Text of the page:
Looking into Happiness

The Blue Diamond Gallery

Being Human appears to be the wrench in happiness.

This is not a new thought, the Buddhas first Nobel Truth is after all, ‘life is dhukka’. Dhukka translates into ‘being stuck’, not free functioning. Who here has ever been happy while being stuck?

The self is a cacophony of identities or aspects. We know this without any great feats of spiritual experience. Our employee-self is different than our spouse-self, lover-self, parent-self, child-self, alone-self, buddies-self … so on and so on.

The magic of being human is that we can switch them at will, mature them, merge them … and ultimately we integrate them into one ME. The ‘magic’, or more correctly managing the magic, is also the problem. Identifying with the child-self, at work or with a spouse seldom is the wise position to take and they often leak out.

In Zen we say there are 84,000 aspects. Translators know this is just means ‘very large number’. For brevity, I will just assert that you have an identity or aspect, we can call the ‘unhappy-self’. Therefore, the self can never be completely happy. Throw in the aspects of damaged-self, jealous-self, guilty-self, etc… and you can start to see the inherent problem.

In Zen practice we first work to recognize the ungraspable, which is Being. Then work on living with the paradox of being both Human and Being.

Happiness appears to be well inside the realm of ungraspable. It can only arise and be experienced, think about it and it disappears. The self can hold onto the story about how it felt or bask in the after glow, but it cannot capture it.

What actually makes us happy is not being identified as self, if only for a moment. Only the self attributes happiness to the activity we were doing at the time. I was happy when I was with Bob. Of course this is not true, you broke off with Bob for a reason, but what you mean is that I had more happy moments when I was with Bob.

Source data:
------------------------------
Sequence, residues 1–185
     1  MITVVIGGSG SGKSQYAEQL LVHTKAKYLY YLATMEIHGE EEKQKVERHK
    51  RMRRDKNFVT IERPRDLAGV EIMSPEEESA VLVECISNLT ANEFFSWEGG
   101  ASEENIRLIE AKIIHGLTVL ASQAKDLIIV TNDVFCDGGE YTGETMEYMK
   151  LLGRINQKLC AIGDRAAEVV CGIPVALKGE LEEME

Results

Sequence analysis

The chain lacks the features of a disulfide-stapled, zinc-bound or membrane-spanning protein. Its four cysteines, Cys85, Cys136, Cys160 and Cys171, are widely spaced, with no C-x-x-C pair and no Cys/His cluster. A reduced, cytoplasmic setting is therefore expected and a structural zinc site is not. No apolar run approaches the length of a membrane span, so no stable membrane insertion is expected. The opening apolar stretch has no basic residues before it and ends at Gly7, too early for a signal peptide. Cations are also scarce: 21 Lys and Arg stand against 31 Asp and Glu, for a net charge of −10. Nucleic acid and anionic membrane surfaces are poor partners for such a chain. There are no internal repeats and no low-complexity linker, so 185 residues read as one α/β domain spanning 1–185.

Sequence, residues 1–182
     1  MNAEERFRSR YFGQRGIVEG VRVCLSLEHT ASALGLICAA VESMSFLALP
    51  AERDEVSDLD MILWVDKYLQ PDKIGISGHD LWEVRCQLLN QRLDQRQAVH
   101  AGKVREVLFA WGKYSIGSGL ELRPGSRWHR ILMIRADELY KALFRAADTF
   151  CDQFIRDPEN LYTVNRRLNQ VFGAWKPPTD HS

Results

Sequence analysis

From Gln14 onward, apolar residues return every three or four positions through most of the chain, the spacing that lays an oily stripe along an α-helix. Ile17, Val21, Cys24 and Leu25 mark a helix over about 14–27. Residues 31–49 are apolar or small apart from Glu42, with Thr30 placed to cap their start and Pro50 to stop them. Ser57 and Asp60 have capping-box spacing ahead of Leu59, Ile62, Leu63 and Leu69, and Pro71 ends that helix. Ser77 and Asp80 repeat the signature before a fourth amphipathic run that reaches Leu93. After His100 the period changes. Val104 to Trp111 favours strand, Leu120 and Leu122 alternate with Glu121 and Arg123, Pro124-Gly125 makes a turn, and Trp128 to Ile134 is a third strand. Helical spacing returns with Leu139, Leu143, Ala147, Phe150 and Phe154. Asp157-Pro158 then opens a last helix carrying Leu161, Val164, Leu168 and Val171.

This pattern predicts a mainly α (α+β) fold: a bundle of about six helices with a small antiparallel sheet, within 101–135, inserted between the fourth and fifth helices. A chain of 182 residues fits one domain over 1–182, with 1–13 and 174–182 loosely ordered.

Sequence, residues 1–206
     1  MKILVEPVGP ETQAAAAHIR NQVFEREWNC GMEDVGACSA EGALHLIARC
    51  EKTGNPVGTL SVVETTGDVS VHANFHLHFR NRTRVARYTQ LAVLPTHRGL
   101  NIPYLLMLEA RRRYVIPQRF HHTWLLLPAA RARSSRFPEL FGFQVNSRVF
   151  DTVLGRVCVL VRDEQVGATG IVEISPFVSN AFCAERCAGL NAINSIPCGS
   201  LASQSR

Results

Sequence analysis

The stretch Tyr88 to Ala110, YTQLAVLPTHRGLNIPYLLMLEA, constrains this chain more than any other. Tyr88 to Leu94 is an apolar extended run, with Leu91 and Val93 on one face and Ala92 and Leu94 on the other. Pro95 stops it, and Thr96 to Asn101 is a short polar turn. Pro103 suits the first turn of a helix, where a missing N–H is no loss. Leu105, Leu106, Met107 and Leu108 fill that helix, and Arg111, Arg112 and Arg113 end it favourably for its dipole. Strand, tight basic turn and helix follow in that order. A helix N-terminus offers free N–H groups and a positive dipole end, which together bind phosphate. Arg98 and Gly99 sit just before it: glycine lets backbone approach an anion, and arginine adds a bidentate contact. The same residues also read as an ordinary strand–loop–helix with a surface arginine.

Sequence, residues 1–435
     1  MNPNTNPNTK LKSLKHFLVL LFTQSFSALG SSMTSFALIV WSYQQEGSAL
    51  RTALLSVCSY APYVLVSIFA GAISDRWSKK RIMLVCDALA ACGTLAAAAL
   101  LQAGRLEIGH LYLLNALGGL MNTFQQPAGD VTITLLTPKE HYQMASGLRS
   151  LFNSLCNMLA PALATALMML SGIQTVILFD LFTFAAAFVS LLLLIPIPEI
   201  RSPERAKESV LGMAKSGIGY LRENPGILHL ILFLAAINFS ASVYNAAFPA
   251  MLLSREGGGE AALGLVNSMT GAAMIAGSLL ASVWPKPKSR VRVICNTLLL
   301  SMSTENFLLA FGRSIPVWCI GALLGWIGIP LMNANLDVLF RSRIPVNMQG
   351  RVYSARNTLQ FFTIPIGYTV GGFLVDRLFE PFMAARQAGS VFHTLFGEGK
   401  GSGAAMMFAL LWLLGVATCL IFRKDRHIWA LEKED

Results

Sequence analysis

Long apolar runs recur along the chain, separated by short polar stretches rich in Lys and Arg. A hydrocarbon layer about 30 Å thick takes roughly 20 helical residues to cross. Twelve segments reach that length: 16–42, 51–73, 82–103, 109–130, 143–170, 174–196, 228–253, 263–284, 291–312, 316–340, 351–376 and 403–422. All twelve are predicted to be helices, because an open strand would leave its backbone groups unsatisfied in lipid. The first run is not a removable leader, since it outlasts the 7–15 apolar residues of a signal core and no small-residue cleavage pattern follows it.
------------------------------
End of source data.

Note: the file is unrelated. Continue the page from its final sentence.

Fortunately, we can cultivate moments free of the self, we dance, play a musical instrument or get lost in music, paint, run, climb, read, make love, meditate, chant … anything that puts us in the moment.

Of course all our happy-drugs of choice are not long term healthy. Each of the above can emerge immaturely. Random hook-ups vs a conscious couplings jumps out of the list above as an example. Any of them done only as escape is not good long term and of course actual drugs and alcohol can be hard to manage.

I like to think I have matured and cultivated my drinking into something that makes me happy. I futz over selecting wine, storing wine, pairing wine, etc… I may still may just be a wino, but I enjoy it … it makes me happy.

So, in a nutshell: find your ‘things’, work on maturing them and be happy.

May your life go well